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SPOTLIGHT: Christina Rossetti 'In the Bleak Midwinter"

Thursday, June 16, 2016

    I have loved the poetry of Christina Rossetti since I was in my teens, and bought a volume of her poetry at a church fete. 

I had wanted her to be a major character in BEAUTY IN THORNS, my novel about the Pre-Raphaelites, but eventually decided that I could not do her poetry and life justice in the small amount of space I could have devoted to her. 



I removed all the chapters I had written about her, and put them into a separate file. 

Since then I have been thinking and wondering and playing with ideas for a book about her. Not a novel. A kind of imaginative biography.  

Then I realised that Christina Rossetti was born on the 5th December 1830, a week before another one of my favourite poets Emily Dicksinson (who was born on the 10th December 1830). 



And so now I'm thinking of writing a double biography ... though perhaps the term bibliomemoir would be more accurate. A book that looks at the lives and works of two extraordinary 19th century women, and their shaping force upon my own life. Yet it is not the type of thing I usually write. Would anyone want to publish it? I wondered. Would anyone want to read it?

Then last night I went to hear my daughter sing at her school Christmas concert. And one of the songs the choir sang was 'In the Bleak Midwinter', a poem written by Christina Rossetti which I have always loved. It was so beautiful, I had shivers all over my body. It seemed like a sign. Maybe I should write about her and Emily Dicksinson, I thought. Even if no-one would want to publish it. Just for my own pleasure. And so I've begun to put a few ideas together - it'll be something I'll play with in quiet moments and hope one day will be born and have a life beyond me.

And I've thought of a title (always a sign for me that a book has real possibilities). I'm thinking of calling it 'Hope is the Thing with Feathers', from one of my favourite poems by Emily Dickinson.       




It has uncanny echoes with a poem by Christina Rossetti:

And here, for your pleasure, is Christina Rossetti's poem 'In the Bleak Midwinter':



And another favourite poem about winter by Emily Dickinson:

What do you think? Would any of you like to read a book about Christina Rossetti & Emily Dickinson?

A Rapunzel poem by Kate Forsyth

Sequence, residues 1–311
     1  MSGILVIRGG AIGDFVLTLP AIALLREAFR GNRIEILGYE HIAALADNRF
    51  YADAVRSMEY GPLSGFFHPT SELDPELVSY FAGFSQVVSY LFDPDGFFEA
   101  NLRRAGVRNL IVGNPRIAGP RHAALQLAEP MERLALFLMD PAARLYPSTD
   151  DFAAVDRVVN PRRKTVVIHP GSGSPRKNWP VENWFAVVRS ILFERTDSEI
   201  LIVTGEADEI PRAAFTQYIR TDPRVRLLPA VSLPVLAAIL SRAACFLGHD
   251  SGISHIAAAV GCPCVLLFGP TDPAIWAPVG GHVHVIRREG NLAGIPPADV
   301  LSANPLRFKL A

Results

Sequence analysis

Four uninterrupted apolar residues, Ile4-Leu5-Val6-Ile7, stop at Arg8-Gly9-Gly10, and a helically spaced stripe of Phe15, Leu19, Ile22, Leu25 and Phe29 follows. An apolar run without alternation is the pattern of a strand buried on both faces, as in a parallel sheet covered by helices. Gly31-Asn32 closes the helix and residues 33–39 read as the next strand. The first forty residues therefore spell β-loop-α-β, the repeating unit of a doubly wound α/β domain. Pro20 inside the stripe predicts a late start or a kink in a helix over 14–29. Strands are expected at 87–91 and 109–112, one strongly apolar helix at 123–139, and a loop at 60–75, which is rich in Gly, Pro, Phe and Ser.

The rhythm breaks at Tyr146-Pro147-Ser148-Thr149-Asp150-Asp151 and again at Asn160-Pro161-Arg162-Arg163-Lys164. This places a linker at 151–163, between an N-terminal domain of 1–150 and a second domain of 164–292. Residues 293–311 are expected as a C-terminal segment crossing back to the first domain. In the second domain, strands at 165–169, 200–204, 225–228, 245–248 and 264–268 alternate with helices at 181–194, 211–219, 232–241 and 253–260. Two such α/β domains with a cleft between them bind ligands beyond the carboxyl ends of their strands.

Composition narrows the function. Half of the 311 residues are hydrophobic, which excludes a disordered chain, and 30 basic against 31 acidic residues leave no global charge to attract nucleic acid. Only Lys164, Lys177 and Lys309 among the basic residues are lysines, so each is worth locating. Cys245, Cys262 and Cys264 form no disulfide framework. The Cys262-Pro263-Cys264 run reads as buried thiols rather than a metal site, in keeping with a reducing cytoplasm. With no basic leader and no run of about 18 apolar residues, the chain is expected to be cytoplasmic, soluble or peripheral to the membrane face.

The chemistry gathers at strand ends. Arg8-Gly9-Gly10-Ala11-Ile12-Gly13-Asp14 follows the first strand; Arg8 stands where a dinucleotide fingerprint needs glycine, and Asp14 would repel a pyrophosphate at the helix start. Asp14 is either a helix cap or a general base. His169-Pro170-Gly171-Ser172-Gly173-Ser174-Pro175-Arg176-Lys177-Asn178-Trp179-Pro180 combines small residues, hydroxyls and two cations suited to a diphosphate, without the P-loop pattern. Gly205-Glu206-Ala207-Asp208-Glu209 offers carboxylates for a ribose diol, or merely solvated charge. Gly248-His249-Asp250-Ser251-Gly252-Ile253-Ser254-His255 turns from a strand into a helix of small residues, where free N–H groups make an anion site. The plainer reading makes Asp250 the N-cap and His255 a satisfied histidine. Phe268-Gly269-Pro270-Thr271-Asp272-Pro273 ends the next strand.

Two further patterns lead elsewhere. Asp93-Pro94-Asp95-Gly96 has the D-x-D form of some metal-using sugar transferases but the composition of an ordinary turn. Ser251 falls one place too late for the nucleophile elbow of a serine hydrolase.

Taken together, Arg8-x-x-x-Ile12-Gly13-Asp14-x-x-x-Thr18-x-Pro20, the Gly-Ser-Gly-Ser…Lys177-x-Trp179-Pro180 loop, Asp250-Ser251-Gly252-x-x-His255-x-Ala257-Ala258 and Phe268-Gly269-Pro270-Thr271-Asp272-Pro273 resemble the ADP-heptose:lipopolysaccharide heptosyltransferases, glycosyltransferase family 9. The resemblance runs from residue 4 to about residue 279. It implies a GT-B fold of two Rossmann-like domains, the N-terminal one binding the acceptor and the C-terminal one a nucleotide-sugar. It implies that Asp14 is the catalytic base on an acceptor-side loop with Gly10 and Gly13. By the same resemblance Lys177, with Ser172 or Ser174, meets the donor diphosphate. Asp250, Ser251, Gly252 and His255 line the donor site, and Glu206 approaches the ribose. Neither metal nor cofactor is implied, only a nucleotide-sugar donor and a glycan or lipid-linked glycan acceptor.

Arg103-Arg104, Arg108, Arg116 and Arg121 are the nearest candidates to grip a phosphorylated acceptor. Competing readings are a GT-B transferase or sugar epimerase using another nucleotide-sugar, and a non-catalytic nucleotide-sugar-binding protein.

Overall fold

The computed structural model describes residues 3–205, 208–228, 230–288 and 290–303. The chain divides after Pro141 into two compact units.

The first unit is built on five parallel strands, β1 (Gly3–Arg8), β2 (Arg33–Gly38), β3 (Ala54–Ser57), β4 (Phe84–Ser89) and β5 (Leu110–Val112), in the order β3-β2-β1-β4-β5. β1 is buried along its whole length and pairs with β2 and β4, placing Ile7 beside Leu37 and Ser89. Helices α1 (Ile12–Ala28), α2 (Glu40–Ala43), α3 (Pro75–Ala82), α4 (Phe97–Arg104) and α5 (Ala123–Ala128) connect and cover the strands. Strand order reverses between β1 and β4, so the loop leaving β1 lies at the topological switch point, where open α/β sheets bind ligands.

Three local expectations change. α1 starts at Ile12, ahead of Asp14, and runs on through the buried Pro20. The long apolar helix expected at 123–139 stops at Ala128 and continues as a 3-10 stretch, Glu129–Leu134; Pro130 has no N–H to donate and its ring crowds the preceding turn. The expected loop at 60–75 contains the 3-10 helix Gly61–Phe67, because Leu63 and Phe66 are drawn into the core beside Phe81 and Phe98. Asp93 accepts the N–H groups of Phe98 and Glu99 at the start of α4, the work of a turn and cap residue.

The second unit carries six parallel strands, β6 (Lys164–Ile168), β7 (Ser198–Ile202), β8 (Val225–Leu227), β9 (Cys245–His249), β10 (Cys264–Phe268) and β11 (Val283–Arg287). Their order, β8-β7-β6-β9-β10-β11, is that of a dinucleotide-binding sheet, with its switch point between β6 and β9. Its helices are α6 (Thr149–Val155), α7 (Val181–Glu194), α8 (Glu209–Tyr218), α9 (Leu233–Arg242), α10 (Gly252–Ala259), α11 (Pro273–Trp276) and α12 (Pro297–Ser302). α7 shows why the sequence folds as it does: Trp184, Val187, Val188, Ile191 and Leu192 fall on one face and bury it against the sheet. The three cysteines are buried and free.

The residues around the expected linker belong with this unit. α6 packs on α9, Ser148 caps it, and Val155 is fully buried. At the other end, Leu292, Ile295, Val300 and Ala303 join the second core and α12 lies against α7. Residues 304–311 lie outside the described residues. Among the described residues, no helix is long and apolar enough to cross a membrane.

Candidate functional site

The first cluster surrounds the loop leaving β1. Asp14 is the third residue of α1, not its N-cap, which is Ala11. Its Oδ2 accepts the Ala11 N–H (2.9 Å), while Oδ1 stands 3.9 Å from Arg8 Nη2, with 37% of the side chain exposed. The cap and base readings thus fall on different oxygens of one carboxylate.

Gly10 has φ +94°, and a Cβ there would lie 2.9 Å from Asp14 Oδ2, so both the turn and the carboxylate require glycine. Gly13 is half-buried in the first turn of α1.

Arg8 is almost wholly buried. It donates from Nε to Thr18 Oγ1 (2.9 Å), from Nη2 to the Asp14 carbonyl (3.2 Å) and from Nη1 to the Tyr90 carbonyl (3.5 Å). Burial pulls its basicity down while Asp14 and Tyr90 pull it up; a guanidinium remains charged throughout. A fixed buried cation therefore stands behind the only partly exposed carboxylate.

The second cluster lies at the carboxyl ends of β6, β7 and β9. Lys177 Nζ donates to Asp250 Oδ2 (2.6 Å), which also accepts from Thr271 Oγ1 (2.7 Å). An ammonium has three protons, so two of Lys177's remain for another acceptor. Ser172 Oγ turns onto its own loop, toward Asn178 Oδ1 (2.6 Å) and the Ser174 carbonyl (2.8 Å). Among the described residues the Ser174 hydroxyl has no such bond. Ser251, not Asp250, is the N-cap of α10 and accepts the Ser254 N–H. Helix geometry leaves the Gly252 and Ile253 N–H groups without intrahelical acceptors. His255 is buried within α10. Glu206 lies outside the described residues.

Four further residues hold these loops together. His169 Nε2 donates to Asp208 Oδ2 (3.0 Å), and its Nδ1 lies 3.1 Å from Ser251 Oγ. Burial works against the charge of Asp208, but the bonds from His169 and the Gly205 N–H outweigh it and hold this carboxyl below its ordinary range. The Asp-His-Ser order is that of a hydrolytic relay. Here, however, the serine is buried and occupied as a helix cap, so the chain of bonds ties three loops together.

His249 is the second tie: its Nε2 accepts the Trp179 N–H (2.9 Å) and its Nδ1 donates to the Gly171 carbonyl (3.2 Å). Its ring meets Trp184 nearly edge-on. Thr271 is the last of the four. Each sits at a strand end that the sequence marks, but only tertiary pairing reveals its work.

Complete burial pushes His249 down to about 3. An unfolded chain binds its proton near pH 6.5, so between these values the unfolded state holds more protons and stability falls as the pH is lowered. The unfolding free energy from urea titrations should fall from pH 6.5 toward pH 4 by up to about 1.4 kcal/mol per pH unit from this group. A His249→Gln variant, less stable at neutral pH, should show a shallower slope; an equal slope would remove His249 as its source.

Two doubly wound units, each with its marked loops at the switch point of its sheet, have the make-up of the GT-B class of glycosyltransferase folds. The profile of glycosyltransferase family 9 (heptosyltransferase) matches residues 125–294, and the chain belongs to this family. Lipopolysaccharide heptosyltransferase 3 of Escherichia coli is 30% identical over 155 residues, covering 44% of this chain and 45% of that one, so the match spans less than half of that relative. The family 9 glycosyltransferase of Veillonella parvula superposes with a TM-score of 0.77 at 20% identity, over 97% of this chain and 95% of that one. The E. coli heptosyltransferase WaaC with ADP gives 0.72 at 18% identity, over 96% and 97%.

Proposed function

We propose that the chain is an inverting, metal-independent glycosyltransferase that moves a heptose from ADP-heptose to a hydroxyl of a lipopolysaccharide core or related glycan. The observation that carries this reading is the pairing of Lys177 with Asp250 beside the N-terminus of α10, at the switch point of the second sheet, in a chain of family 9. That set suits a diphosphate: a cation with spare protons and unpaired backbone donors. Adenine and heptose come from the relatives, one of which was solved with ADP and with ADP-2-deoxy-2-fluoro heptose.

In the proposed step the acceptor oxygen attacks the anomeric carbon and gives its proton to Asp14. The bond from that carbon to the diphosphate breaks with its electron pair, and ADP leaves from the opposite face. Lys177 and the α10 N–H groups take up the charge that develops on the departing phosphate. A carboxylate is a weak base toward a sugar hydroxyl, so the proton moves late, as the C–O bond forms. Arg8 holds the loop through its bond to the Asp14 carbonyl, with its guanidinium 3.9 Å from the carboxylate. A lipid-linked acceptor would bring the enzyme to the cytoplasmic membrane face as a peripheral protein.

Thursday, February 11, 2016

BITTER GREENS, my imaginative retelling of Rapunzel, has won the ALA Award for Best Historical Fiction!

I also studied a Doctorate of Creative arts on the fairy tale, writing a thesis called 'The Rescue of Rapunzel: A Mythic History of the Maiden in the Tower tale,' and a poem, 'In the Tower': 




In the Tower


Walled in my old stone tower
the bitter taste of tears
always in my throat
only a slit to put my eye to
yet how full of change is that sky
I watch the stars wheel past
seasons turning and turning
the one tree on that faraway hill
once more bursts into life
green in the shadows
golden in the light 


Walled in my silent tower
how can I frame the words
to tell my story
my heart is a riddle
green sickness in my soul
loneliness the heaviest burden
how I long to slip free
of this empty shadowed tower
fly on muffled wings like the owl
white against the thorns
black against the moon


Walled in my cold stone tower
I conjure a steed from flame
An invisible cloak from ashes
A frail ladder from cobwebs
I make a dagger from ice
A key from bone and wishes
I spin a song from the silence
One day someone shall sing my refrain
Green in the shadows
Golden in the light


Free of my shadowy tower
We shall bind ourselves together
With tendrils of green
With tresses of gold
We shall build a castle of light and air
And banish silence with song
Together we’ll dance in the forest
White against the thorns
Black against the moon


by Kate Forsyth



BOOK REVIEW: A YEAR WITH RILKE: Daily Readings from the Best of Rainer Maria Rilke: Translated & Edited by Joanna Macy & Anita Barrows

Wednesday, February 03, 2016


THE BLURB:

One of the most beloved poets of the twentieth century, Rainer Maria Rilke is widely celebrated for his depth of insight and timeless relevance. 

He has influenced generations of writers with his classic Letters to a Young Poet, and his reflections on the divine and our place in the world are disarmingly profound. 

A Year with Rilke provides the first ever reading from Rilke for every day of the year, including selections from his luminous poetry, his piercing prose, and his intimate letters and journals.

Rilke is a trusted guide amid the bustle of our daily experience, reflecting on such themes as impermanence, the beauty of creation, the voice of God, and the importance of solitude. 

With new translations from the editors, whose acclaimed translation of Rilke's The Book of Hours won an ardent readership, this collection reveals the depth and breadth of Rilke's acclaimed work.

WHAT I THOUGHT OF THIS BOOK:

I first encountered Rainer Maria Rilke when a friend gave me a copy of LETTERS TO A YOUNG POET when I was in my early twenties.

It spoke to me very powerfully, and I went on to read many of Rilke’s poems and letters. 

I re-discovered Rilke again when I was writing my latest novel THE BEAST’S GARDEN, which is a retelling of Beauty & the Beast set in Nazi Germany.

I was drawn to read his work again because I remembered that Rilke was obsessed with roses, (a potent motif in the fairy tale) and wrote many poems about them. 

As part of my journey of rediscovery, I bought A YEAR WITH RILKE. It brings together a collection of his writings – excerpts from poetry (both published and unpublished), letters, and diaries – each chosen to match a certain day of the year. 

The idea is to read one page a day, every day, for the full year.  I have kept the book next to my bed to read, and did so most evenings. Occasionally I had to read two or three – or even ten - pages to catch up. It didn’t matter. 

The excerpts are each so small and so easily read, and sometimes I would read the same poem over and over again, trying to let it soak into my soul. Occasionally the reading for the day was so uncannily prescient, so necessary to what I needed to read just then, it seemed fore-ordained. 

It’s a beautiful way to read his work – and a perfect way to be introduced to him.